I guess im going to run with 5-30 synthetic being it has a colder pour temp…if i got that info right…

I would use the 0W20, it’s going to flow better when cold and that’s what you need.

“If it gets that cold - I’m moving.”

I agree…last winter we had a couple of nights that got down to about 20 degrees.

My 2011 Toyota Sienna owner’s manual specifies 0W-20 synthetic oil and that is what I use winter and summer and have no oil consumption.
Years ago, I had a 1971 Ford Maverick and use 10W-40 oil. We hade a big snow storm and then the temperature dropped to -22 F. I had a driveway that was about 200 feet long and couldn’t get the car to the garage, so I parked at the end of the drive and waded through the snow into the house. The next day, I got a call from a fried needing some help thawing pipes. I waded out to the Maverick and turned the key. The engine turned slowly, but it fired right up. I let the car run about 5 minutes to make certain that the gas line wasn’t frozen and went on into town to help my friend. The valve lifters really clattered for about 30 seconds, but that was the only problem. With 0W-30 or 0W-20 synthetic oil and your block heater, you shouldn’t have any problem. Keep in mind that when I had the 1971 Maverick, I didn’t have electronic ignition or fuel injection.

@badbearing and @acemaster IF you can plug in everywhere you can get by with 5W30, and synthetic is best. However, I have been in many places where I could not plug in and my 0W30 came in handy.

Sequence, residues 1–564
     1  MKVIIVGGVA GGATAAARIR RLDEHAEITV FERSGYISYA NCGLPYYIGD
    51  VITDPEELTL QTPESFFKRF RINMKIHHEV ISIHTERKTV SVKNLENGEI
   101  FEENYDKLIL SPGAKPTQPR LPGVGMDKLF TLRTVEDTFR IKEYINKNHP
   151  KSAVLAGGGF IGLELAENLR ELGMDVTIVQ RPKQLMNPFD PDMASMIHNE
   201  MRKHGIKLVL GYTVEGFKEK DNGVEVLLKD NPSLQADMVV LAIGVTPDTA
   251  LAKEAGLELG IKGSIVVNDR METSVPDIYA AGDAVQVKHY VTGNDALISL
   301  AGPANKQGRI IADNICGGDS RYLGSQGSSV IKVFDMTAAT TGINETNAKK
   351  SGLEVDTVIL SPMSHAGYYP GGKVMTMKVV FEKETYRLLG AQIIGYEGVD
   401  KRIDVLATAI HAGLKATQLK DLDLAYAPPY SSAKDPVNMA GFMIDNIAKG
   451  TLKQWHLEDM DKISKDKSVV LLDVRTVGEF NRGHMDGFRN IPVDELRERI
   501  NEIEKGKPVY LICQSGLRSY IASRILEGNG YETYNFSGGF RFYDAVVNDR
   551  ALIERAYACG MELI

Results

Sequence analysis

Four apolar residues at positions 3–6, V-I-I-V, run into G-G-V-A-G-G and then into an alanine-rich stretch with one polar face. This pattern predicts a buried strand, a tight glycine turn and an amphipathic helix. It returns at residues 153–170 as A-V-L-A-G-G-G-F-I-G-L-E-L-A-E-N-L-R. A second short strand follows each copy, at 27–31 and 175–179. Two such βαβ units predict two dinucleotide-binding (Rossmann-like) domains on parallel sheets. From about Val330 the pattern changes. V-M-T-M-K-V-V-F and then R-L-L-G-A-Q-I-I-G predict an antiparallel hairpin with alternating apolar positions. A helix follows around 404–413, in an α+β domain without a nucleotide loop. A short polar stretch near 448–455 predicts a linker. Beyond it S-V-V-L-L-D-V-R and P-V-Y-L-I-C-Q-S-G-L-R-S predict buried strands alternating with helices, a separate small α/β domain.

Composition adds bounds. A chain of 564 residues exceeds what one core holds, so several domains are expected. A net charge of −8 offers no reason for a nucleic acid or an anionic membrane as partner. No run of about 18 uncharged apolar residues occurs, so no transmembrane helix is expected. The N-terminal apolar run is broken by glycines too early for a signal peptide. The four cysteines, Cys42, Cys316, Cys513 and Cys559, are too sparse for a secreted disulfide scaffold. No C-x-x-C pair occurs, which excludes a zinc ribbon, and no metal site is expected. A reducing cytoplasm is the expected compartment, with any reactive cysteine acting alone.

Mobil1 5W30 has a pour point of -47Celsius (-53F), their 0W40 has a pour point of -54C, (-65F), while a regular mineral 5W30 from Exxon has a pour point of -36Celsius (-32F). Big difference. Other oils show a similar or somewhat smaller difference. All vehicles used by the Alyeska Pipeline have standardized on Mobil1 because of its wide range of application.

Using 0W20 is not recommended, except in the latest Toyota cars. The “0” part will let you start in very cold temperatures, but the “20” is the hot viscosity, and in a 2005 Toyota you will likely have oil consumption or small leaks. This stuff, although good oil, is too thin in older cars. So, 0W20 IS NOT what you need, it’s 0W30 synthetic. The 0W20 Synthetic is now recommended for 2012 and 2013 models, since the y have oil activated valve gear, better oil control rings and tighter sealed engines…

My son has a 2004 Mazda3 with 200,000 miles on (no oil consumption to speak of) it and it has used 0W30 synthetic since new, although Ford and Mazda specified 5W20, which was not good for hot weather and high loads.


You mentioned newer vehicles
Im running a 1989 toyota 22re

Do i understand you recommend 0-30 synthetic for my 89 22re???

@badbearing Yes, for that age car you need the 30 grade once the engine warms up to avoid leaks and oil consumption. In the Southern part of the country you could use a 0W40 or a 5W40 synthetic.

I used 0W30 in a 1976 Ford Granada, a 1984 Chevy Impala V8 and a 1988 Caprice V8, as well as my wife’s 1977 Colt and 1994 Sentra. At the ski lodge we get some extremely cold overnight temperatures, and there are no plug-ins.

A synthetic 0W30 is the perfect oil for your car, but when it was built, these oils were not widely available and the manufacturer recommended 5W30 mineral oils, as they did in my 2007 Corolla. A 0W30 has to be at least half synthetic to meet the various tests. In Malaysia, a tropical country where we lived, the locals put in 20W50 quite often. The book there says 10W30 or 10W40, since the overnight temperature is about 25C (77F) and the daytime in a traffic jam can rise to well over 100F.